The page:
Friday, July 15, 2011


Adventures in grading, part 1.

There's an excellent chance that this is the only graded card in my collection that I've actually held in my hands in raw form.

You see, until recently, I'd never graded any cards of my own. The whole process just seemed too Byzantine and expensive. Fill out this form, fill out that form, join this club, pay for grading, pay for return shipping...

So my stance has been, “Thanks, but if it's all the same with you, major grading companies, I think I'll just buy my PSA 8 1972 Don Hahns on eBay for $6 or $7 shipped.”

But then I received a Beckett coupon for two free submissions, and I figured I'd take the plunge. I debated long and hard regarding the two candidate cards.

I considered sending in a 2010 Bowman Strasburg purple refractor numbered out of 999. It's a purty card, sharp and well centered-- before Stras went down, I was offered $100 for it out at the Chantilly show, but I declined.

I know, I know...

I also thought about pulling a couple of cards from my 1970 set (which, by the way, is almost complete now-- down to just Rose and Frank Robinson). I have a passable Ryan card that I thought might garner a 6, but I kind of like seeing it there in the sheets in sequence, tucked between Ed Brinkman and the Pilots team.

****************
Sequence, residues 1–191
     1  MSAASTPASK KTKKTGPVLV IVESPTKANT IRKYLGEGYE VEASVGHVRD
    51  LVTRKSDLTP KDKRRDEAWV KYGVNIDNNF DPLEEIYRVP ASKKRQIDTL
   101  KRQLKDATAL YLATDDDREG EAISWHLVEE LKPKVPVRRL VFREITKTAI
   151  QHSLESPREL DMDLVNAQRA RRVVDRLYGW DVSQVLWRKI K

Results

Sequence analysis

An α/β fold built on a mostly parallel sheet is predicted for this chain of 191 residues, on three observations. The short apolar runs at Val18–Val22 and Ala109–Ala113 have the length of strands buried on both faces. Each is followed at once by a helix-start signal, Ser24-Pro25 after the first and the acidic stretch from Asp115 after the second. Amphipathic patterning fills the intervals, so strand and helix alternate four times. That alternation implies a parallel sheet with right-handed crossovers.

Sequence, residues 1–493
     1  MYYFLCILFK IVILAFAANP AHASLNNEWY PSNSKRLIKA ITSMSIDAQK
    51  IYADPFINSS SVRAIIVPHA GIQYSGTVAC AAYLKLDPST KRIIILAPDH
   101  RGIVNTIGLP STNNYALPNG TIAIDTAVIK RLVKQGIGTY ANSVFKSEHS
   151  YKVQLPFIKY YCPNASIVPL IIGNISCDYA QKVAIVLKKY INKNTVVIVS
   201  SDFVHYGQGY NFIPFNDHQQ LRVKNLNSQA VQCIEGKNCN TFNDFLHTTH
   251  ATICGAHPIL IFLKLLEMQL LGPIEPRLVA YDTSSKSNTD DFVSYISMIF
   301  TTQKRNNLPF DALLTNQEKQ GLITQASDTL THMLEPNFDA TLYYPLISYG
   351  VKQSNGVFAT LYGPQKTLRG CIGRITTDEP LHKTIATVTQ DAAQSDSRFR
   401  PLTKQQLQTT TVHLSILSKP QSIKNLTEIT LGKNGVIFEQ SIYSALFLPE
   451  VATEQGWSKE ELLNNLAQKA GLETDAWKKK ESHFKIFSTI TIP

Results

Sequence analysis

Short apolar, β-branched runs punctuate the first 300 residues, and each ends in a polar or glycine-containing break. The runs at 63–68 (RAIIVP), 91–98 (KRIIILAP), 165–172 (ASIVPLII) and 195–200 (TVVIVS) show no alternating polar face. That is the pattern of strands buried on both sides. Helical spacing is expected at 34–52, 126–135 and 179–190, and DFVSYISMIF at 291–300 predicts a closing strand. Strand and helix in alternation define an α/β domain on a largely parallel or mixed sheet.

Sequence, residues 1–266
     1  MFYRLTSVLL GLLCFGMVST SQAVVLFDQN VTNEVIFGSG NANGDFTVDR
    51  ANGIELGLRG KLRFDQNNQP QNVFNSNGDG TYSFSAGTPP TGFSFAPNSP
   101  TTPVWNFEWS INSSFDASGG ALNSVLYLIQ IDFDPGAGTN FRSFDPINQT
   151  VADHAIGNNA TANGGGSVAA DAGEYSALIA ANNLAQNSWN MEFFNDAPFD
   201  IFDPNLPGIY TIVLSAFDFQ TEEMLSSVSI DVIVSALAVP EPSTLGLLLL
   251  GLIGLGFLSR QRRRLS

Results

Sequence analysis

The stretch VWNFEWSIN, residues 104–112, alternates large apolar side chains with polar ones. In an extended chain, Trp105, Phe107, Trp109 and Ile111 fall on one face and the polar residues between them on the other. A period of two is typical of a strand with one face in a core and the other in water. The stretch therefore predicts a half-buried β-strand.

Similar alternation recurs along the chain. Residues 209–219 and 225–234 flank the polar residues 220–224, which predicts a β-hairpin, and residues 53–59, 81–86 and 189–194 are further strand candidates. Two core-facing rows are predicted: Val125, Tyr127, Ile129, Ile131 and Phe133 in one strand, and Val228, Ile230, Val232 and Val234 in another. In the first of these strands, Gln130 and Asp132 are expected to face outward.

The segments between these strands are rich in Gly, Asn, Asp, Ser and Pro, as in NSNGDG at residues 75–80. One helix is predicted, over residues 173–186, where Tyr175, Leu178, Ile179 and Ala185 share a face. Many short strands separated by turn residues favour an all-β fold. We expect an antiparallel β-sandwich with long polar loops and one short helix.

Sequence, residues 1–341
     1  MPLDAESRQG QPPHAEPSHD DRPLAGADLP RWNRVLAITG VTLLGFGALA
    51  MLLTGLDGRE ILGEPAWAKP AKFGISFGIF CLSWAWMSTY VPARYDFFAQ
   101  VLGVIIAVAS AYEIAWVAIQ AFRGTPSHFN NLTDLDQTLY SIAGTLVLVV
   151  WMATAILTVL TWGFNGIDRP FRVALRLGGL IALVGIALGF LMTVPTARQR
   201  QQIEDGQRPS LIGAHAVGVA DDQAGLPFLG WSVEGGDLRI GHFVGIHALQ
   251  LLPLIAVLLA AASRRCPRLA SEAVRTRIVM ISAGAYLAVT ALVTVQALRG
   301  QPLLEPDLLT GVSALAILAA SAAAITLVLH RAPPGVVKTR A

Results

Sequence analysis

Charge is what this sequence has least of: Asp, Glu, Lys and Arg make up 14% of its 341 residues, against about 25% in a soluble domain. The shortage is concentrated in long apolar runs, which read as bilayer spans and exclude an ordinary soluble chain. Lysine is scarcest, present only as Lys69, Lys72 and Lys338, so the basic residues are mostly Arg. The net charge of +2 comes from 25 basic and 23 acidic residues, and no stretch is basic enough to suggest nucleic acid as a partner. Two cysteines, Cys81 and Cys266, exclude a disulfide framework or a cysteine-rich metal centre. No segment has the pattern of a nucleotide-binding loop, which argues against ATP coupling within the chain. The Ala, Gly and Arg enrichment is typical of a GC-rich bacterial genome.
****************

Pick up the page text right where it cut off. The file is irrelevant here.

Finally, I identified two cards, one of which was this 1964 Topps Stand-Ups Al Jackson.

I bought this card in my early days of graded collecting, before I knew about all of the rogue, fly-by-night operations that would grade counterfeit/trimmed cards, and/or severely overgrade. So once upon a time, I was thrilled to win this FGA 9 for $10, not realizing it was essentially a Magnetbox.

One evening, I broke out my toolbox and liberated Al Jackson from the surprisingly sturdy FGA case. My loupe was back at the office, but to my eyes, the card looked nice enough. I turned it over several times in my hands, being extra careful not to pop the die cut, and then placed it in a penny sleeve and a rigid plastic holder, ready for the mail.

About a month later, I received an e-mail from Beckett letting me know that my order was complete, and I was pleased to see the card get a BVG 7.

And I have to say I like it all the more for having once held it briefly in my hands...


  1. I enjoyed the post but I was distracted by Jackson's uniform in this card. He had been on the Mets in both 62 and 63 yet for this 64 card they had him in a Pirates uniform.

    According to the HOF, the Pirates wore this uniform from 57-61 and the following year they added numbers to the front. They kept the sleeveless look until 1970, when they transitioned over to the poly pullovers.

    Do you think it's surprising that the Mets didn't have a sleeveless look early on? I guess since neither the Dodgers nor Giants wore that, the Mets didn't. Still, it did seem to be a trend in the early 60s

  2. Yeah, that picture is a distraction. The Altman and the Gonder in this set are also pretty atrocious-- Ron Hunt in his baggy wools saves the day for the team.

    I have to say I'm glad the Mets never went the vest route. I had to turn off a Rockies game a couple of weeks ago on aesthetic grounds. Not my favorite look...